Which states license tiny fishing?

A growing number of states have begun issuing tiny fishing licenses for the recreational use of small fish, but not all states allow the practice, according to a report by the National Fisheries Institute.

The report says states such as Alabama, Arizona, Florida, Louisiana, Mississippi, North Carolina and South Carolina are the only ones to allow the hobby of tiny fishing.

The issue is particularly contentious in Alabama, where a recent bill that would have allowed tiny fishing has been blocked by the Alabama Supreme Court.

The tiny fishing bill, which would have required a license for fishing with less than 50% of the average weight of the fish caught, was blocked by Alabama Supreme Judge Don Boggs in February, when a group of small fishing enthusiasts challenged the bill.

The bill passed the Alabama House but failed in the state Senate.

Bogg’s decision was challenged by the Small Fishermen’s Alliance, which argued that the law was unconstitutional because it was designed to limit small fishing by making it harder for people to own and fish their own small fish.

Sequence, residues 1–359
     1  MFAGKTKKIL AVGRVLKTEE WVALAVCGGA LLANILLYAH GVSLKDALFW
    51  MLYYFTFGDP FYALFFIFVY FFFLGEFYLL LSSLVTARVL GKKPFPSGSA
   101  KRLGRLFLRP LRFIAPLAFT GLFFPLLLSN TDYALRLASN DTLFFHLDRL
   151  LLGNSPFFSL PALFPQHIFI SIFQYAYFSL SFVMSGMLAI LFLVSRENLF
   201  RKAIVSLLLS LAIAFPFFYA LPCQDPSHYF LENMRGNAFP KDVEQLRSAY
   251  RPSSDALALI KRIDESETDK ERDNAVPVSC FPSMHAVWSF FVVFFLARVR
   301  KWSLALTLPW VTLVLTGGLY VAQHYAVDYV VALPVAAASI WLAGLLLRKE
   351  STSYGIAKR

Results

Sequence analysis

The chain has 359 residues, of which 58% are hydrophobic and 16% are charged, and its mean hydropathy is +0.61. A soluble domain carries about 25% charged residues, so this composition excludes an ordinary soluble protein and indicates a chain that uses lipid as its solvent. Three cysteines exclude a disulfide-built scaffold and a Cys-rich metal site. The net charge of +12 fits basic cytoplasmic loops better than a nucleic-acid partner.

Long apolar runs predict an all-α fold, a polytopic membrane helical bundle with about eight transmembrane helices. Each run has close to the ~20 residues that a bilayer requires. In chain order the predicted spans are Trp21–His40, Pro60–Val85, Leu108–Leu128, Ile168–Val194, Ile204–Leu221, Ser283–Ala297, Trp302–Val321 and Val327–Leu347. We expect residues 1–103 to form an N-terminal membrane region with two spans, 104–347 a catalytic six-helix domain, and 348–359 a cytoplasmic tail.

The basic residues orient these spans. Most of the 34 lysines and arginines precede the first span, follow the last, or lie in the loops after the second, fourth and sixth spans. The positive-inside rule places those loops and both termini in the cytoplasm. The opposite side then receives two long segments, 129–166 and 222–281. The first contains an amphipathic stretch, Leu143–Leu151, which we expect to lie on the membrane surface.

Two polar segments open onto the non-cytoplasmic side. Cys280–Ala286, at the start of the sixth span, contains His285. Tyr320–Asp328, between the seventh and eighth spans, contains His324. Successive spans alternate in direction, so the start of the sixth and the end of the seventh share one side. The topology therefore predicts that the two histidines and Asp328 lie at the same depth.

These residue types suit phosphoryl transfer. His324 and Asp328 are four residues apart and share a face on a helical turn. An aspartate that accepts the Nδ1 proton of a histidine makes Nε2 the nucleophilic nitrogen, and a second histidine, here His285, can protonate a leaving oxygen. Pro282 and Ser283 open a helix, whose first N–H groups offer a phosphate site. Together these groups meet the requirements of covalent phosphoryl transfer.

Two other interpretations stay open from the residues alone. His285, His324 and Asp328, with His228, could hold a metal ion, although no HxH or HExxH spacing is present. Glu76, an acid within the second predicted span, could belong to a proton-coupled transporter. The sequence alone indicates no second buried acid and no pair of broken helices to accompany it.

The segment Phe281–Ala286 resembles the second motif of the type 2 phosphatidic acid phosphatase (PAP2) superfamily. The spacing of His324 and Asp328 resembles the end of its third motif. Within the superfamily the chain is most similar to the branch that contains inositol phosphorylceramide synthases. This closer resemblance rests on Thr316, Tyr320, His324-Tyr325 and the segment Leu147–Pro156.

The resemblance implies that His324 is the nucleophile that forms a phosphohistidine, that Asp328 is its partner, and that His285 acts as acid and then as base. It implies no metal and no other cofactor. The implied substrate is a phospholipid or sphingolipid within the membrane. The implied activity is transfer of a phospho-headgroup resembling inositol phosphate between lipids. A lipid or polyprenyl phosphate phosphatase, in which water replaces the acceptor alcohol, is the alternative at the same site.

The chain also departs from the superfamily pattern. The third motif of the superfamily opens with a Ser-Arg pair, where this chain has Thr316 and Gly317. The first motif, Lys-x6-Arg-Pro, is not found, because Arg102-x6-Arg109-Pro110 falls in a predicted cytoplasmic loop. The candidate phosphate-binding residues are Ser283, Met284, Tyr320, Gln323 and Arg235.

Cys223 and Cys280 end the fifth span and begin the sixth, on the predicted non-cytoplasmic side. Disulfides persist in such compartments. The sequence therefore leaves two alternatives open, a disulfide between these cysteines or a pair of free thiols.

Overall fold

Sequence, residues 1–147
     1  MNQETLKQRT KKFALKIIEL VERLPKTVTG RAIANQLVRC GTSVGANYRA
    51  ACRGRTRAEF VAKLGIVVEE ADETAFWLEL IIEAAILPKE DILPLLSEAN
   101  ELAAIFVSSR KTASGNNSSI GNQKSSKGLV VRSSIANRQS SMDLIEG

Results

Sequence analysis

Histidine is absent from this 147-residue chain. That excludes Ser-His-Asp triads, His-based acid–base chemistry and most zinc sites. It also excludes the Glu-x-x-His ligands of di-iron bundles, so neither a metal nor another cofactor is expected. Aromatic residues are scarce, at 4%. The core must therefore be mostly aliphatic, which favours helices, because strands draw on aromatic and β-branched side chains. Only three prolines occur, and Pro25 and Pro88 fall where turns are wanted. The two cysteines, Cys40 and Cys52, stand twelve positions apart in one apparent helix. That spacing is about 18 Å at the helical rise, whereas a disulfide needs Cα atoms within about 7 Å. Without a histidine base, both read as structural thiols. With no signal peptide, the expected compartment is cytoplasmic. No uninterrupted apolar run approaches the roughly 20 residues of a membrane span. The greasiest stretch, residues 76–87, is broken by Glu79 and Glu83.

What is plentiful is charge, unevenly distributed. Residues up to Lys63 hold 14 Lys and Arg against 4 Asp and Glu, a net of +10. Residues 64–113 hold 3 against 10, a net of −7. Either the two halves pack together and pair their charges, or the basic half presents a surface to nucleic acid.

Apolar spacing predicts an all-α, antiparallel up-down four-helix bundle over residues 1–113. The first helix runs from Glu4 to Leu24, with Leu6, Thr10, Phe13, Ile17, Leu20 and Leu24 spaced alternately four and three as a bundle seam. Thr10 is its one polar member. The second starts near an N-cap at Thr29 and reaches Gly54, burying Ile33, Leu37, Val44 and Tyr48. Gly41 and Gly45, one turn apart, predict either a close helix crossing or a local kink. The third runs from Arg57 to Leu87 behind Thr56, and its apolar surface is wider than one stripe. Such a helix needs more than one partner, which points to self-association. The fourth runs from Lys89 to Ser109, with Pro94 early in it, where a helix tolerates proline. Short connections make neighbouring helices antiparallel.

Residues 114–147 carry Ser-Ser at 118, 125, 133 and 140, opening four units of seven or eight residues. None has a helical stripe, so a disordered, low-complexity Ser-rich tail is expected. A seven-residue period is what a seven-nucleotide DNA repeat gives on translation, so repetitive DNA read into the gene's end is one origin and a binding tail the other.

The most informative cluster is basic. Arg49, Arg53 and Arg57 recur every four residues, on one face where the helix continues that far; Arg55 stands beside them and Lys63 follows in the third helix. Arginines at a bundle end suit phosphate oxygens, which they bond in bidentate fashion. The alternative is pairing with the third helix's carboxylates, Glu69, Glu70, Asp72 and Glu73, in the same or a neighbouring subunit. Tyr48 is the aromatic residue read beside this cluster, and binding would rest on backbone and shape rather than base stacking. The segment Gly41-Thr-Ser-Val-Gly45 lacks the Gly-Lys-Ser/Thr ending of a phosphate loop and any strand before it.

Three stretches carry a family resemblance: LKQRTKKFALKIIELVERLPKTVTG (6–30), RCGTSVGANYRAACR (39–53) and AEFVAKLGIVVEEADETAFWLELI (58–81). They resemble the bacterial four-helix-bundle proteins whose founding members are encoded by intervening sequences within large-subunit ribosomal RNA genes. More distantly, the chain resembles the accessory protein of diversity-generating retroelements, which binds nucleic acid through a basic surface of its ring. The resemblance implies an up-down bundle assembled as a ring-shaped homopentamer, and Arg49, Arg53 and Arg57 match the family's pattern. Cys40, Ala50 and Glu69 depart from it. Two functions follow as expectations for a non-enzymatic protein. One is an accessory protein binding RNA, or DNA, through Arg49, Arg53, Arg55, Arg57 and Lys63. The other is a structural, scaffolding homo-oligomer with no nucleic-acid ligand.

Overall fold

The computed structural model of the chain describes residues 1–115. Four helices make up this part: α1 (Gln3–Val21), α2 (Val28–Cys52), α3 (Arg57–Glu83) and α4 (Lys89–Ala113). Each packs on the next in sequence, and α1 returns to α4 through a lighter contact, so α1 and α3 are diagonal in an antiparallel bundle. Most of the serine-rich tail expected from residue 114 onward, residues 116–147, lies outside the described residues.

This is a really big issue for me, I think, in the rural South where I live,” said Joe Fong, the president of the Small Fish Alliance, a coalition of fishermen in rural Alabama.

“This bill really got people thinking and saying, ‘We’re going to make this change. “

I think it really brought out the rural people in the Southern part of the South,” he said.

“This bill really got people thinking and saying, ‘We’re going to make this change.

We’re going be a part of this.'”

In addition to Alabama, a number of other states have banned the hobby.

In Arizona, small fishing is now allowed only for small bait fish, such as tuna and king mackerel.

In California, tiny fishing is banned by the state Fish and Game Commission, but the state has a loophole that allows it to be carried out on certain types of small baitfish.